The Incredible Inman: Walken starred in PBS 'Playhouse' episode in '82
Question: I saw a show on PBS in the 1980s. I think it was titled “Who Am I This Time Anyway.” A guy who I had never seen, playing a very shy hardware clerk, gets hooked up with a woman who has him audition for a local small-town theater company. He ends up playing Stanley in “A Streetcar Named Desire.” I remembered his name, Christopher Walken, because I was totally impressed with his acting. Was that his first appearance? Is this show on video or DVD?
Answer: The show was called “Who Am I This Time?” and it aired on the PBS anthology series “American Playhouse” in 1982. Based on a short story by Kurt Vonnegut and directed by Jonathan Demme, the show also starred Susan Sarandon as the female lead. So, basically, a bunch of nobodies.
It's on DVD, and also streams through Amazon Instant Video.
As for Walken's career, it actually dates to the early days of TV, beginning in 1953. He played several roles, billed as Ronnie Walken, including episodes of “Naked City” and “The Motorola TV Hour.”
Q: I am trying to remember the name of a film I saw as a teenager. The plot consisted of several men that were trying to survive after a plane crash. Suddenly, they began to disappear. What you discover is that they were all actually dead, and they disappeared when their bodies were discovered. Any idea?
A: That's the 1970 TV movie “Sole Survivor,” with Richard Basehart, Vince Edwards, William Shatner and Patrick Wayne.
You can watch it for yourself — the entire movie is on YouTube.
Q: I'm just wanting to know if “Last Man Standing” has been canceled. I hope not!
A: Nothing official has been announced about “Last Man Standing,” but people who pay close attention to these things seem to think it will be renewed.
Q: I was watching reruns of “Bewitched” last weekend and saw a show with Jimmy Mathers in it. At first, I thought it was Jerry Mathers, but the credits said Jimmy. Was he in any other movies or shows? He had to be Jerry Mathers' brother because they looked so much alike.
A: Jimmy Mathers is the brother of Jerry, of course, and his career was exceedingly brief. In addition to that 1964 episode of “Bewitched,” he was a regular on the CBS sitcom “Ichabod and Me,” which was from the producers of “Leave It to Beaver” but ran only one season, from 1961-62.
He also appeared in a couple of movies, including “Summer Magic” and “The New Interns,” and episodes of “My Three Sons” and “The Munsters.” His last appearance to date was on a 1968 episode of the NBC cop series “Adam-12.”
Q: Tell me I'm not crazy and that there really was a movie where a woman is “trapped” in her own home by a computer. This computer controls the door by way of an intercom and (if I remember correctly) can imitate the woman's voice to send people away. It even ends up impregnating the woman. Am I crazy?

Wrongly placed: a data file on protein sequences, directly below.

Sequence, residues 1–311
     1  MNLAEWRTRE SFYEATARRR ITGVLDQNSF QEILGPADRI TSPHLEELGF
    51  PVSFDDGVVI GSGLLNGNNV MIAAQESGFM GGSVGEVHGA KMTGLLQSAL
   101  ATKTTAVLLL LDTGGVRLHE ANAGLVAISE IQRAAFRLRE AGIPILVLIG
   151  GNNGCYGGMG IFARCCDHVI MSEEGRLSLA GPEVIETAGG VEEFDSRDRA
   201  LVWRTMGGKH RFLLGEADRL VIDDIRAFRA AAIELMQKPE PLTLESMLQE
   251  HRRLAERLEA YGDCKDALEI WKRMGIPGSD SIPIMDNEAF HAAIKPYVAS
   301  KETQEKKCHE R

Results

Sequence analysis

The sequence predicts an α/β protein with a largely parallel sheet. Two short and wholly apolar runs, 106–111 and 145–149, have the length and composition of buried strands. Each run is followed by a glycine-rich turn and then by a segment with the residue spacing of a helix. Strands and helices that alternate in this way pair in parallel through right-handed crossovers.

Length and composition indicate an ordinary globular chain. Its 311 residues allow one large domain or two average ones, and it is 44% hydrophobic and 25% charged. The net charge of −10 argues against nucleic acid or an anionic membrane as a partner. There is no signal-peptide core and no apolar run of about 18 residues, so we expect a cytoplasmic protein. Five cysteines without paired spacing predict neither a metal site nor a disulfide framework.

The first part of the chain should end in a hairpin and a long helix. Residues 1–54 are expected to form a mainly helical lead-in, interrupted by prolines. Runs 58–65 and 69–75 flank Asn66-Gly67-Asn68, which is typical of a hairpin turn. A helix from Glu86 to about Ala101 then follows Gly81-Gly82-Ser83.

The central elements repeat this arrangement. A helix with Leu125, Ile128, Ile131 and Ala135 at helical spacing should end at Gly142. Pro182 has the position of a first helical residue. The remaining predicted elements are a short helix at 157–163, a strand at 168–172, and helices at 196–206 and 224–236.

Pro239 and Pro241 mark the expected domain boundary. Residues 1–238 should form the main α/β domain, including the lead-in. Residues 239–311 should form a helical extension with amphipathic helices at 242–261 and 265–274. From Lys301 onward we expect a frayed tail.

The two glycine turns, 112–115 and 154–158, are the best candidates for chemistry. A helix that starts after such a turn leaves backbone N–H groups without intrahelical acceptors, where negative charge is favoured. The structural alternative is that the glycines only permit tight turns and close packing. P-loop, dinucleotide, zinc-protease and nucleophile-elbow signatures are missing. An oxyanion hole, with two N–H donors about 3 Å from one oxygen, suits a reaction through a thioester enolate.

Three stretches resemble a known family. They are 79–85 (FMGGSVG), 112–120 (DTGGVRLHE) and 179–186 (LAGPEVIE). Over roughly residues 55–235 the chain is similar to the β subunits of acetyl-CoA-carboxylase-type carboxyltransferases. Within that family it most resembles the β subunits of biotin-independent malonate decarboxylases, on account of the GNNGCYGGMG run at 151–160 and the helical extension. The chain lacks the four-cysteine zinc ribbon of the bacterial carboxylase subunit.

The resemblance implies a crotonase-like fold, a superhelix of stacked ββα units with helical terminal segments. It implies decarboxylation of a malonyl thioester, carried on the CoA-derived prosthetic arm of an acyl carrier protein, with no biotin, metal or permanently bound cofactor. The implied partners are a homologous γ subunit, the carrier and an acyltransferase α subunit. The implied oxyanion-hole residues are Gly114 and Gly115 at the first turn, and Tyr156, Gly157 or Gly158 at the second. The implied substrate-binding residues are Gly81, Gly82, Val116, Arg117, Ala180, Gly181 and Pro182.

The movie is 1977's “Demon Seed,” with Julie Christie as the woman.
Q: I used to watch “Days of Our Lives” as a preteen and teenager. The part of Karen was played by Judith Light, later of “Who's the Boss?” and her husband's name was Larry. No matter how Larry seemed to try to be sweet and loving, Karen couldn't seem to shape up and fly right. Was she supposed to actually have a diagnosed condition like clinical depression or sexual addiction, or were we to believe she was just plain sleazy? She always seemed so completely miserable and pitiful to me like she really could not help how she felt and behaved and would do anything to change and be “normal.” This was probably back in the 1970s or '80s, so good luck!
A: Well, the show was actually “One Life to Live,” and Light played poor Karen from 1977-83.
Karen had tricked Dr. Larry Wolek into marrying her and later became a hooker because she needed something to do during the day. She revealed her secret life on the witness stand in 1979 in order to exonerate somebody else on the show who'd been accused of murdering somebody else on the show.
After all that heavy acting, Light needed a rest, so she jumped to the ABC sitcom “Who's the Boss?,” which ran from 1984-92.
Write David Inman in care of The (Louisville, Ky.) Courier-Journal, 525 W. Broadway, P.O. Box 740031, Louisville, KY 40201-7431; or email him at email@example.com. Questions of general interest will be answered; personal replies are not possible.
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